The Dutch government this month announced plans for stricter vetting of international students over national security fears, and the risk of the transfer of advanced technology, in particular to China.
Education minister Robbert Dijkgraaf told the Financial Times that the government is establishing how many Chinese Scholarship Council (CSC) researchers there are in the Netherlands.
Recipients of the grant must swear allegiance to the Communist party, report to the Chinese embassy where they study and return to China within two years of completing their degree.
“Currently, none of the students from China registered at Uni.lu have given a CSC scholarship as their financial support to study here,” a University of Luxembourg spokesperson said in an email.
“Incoming students are selected based on academic merit, so if they can demonstrate financial capability to live here, the university does not necessarily enquire about scholarships.”
The ministry of higher education and research, too, said that it does not keep statistics on the scholarships granted by foreign countries or institutions to students in Luxembourg, regardless of nationality.
Students from China, it said, are screened in the same way as other third-country nationals. “There are no special procedures.”
Confucius crackdown in Europe
The Dutch Knowledge Security Screening being developed will map out risk areas and sensitive technologies, but Dijkgraaf said it didn’t aim at discouraging cooperation with Chinese universities.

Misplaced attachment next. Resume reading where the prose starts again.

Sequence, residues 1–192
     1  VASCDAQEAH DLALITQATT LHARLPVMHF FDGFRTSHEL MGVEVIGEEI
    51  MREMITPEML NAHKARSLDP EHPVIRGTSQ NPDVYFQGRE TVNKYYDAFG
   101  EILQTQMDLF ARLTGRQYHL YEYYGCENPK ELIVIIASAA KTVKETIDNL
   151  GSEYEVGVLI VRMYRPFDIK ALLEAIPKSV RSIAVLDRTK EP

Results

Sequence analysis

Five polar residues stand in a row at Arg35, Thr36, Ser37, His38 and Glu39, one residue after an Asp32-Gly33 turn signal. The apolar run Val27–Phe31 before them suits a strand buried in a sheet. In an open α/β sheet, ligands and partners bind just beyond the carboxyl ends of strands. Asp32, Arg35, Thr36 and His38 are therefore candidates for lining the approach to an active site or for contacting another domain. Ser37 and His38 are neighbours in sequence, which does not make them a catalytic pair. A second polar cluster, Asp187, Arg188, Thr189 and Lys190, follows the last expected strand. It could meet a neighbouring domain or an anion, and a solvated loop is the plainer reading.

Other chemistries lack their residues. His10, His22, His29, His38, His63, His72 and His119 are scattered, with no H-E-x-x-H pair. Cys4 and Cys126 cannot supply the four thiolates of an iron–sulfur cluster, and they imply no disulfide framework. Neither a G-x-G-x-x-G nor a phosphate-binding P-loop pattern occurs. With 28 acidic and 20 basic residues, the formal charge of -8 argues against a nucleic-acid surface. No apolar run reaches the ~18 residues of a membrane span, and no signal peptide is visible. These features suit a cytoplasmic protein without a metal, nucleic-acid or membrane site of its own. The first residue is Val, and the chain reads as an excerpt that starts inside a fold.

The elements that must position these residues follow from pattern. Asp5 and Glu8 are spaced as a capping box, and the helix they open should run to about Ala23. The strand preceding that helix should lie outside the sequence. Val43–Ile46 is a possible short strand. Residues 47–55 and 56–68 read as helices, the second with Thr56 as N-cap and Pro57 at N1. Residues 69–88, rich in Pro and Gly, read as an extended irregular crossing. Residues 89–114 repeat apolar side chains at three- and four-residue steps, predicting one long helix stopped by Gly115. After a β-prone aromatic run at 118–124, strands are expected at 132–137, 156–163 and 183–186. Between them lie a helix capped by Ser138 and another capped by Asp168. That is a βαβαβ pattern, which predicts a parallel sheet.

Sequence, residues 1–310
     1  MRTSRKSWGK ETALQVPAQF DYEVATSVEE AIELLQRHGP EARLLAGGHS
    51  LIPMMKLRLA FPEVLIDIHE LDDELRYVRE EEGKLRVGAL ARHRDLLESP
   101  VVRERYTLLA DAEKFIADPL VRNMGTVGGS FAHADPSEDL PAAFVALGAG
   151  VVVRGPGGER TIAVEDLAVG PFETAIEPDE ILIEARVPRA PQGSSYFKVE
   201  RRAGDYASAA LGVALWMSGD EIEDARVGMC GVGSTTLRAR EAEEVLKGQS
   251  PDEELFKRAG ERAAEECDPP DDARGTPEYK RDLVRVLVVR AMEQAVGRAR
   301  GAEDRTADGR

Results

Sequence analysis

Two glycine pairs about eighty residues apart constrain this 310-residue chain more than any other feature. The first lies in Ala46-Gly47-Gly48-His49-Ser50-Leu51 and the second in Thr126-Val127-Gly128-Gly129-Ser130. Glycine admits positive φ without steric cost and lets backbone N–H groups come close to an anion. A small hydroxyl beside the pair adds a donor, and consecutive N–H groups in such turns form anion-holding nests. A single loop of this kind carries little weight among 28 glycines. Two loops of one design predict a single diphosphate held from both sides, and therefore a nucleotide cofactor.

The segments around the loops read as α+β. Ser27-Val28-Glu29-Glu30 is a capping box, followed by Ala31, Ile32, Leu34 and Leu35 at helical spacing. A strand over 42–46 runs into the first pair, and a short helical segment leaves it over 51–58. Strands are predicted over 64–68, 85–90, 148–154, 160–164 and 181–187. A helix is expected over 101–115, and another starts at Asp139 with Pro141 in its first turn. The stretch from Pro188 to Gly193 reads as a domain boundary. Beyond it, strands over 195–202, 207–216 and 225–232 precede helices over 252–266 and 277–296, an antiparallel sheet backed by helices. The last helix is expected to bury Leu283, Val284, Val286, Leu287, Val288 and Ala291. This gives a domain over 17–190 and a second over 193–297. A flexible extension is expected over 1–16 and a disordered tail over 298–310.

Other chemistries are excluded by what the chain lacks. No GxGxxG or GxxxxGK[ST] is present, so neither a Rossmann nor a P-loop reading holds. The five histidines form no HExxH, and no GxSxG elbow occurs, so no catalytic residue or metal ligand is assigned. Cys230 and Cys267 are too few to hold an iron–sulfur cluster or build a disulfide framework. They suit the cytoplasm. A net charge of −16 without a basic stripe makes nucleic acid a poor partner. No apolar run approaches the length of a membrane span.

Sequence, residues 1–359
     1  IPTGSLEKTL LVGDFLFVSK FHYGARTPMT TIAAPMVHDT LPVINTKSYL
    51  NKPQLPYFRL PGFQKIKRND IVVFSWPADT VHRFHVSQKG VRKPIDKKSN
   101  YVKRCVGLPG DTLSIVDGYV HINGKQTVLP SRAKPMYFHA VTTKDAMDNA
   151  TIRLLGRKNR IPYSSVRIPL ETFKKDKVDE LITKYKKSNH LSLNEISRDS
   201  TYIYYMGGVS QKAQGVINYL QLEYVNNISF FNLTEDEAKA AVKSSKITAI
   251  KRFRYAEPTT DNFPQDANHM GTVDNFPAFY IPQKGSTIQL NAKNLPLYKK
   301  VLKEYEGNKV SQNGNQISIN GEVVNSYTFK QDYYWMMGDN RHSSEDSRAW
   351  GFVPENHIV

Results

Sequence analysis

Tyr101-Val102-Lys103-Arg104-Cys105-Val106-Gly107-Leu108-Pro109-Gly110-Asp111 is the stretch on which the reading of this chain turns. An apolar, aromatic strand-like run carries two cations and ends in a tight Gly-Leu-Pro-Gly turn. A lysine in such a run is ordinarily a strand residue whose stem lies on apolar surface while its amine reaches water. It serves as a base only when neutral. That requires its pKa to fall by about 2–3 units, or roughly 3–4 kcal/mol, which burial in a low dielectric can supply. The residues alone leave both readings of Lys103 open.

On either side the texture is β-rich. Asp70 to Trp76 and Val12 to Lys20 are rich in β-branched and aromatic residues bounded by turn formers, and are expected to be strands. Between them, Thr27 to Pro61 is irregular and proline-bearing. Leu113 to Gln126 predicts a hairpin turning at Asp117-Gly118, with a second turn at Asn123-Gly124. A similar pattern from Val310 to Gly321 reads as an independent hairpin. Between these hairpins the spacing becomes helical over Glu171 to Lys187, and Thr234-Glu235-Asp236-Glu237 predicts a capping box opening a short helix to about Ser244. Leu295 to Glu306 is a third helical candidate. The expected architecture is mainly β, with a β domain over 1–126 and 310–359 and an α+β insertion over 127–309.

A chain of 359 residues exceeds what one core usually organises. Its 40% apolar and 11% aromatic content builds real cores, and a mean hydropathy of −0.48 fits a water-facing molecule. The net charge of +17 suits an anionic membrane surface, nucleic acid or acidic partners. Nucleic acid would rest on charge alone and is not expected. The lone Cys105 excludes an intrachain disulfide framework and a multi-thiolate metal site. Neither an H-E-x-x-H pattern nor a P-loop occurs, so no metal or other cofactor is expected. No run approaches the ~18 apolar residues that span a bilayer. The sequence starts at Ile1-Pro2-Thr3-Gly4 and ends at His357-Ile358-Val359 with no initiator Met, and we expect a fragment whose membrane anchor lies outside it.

Dijkgraaf’s predecessor, Ingrid van Engelshoven, in 2021 had urged universities in the Netherlands to cut ties with China’s Confucius Institutes over concerns of influence-taking and restrictions on academic freedom.
The Confucius Institute at the University of Luxembourg this year celebrates its fifth anniversary. The institutes promote Chinese language and culture but have faced criticism as propaganda arms of the Beijing regime.
The Vrije Universiteit Brussel (VUB) in 2019 said it would close the Chinese state-backed centre after the director was accused of spying for Beijing. Sweden and Norway closed their Confucius Institutes in 2020. Germany in October 2021 said the centres should be reassessed after pressure to stop China-critical events at universities hosting them.
Luxembourg’s centre was opened in partnership with Fudan University, one of China’s best ranked higher education institutions. Fudan in 2019 struck freedom of thought from its charter, instead enshrining loyalty to the Communist Party.
“Monitoring the situation”
“There are several ongoing partnership agreements on academic cooperation and exchange with universities in China,” the University of Luxembourg spokesperson said.
For example, the Guillaume Dupaix scholarship--funded by the higher education and foreign ministries--supports two students from Renmin University and a doctoral candidate from a Chinese university.
The university lists Fundan, Shandong, Zhejiang and two universities in Hong Kong as global student exchange destinations for students from Luxembourg. At the start of the 2022-2023 academic year, there were 116 students of Chinese nationality, including those with dual citizenship, registered at the University of Luxembourg.
The Luxembourg institution has not ended existing collaborations, it said. “However, it is monitoring the situation and at this moment is not in the process of starting new collaborations with China.”
The Trump administration in the US in 2018 launched the controversial China Initiative to tackle espionage in research and technology. The initiative was scrapped over racial profiling concerns in 2022, but measures remain in place to investigate researchers from countries of concern, including China.
Australia in 2019 launched the University Foreign Interference Taskforce. Japan in 2020 tightened visa checks for Chinese students and researchers. The UK’s MI5 last year warned business and universities about spying risks while the Swiss National Science Foundation in December 2022 paused funding for research promotion programmes with China.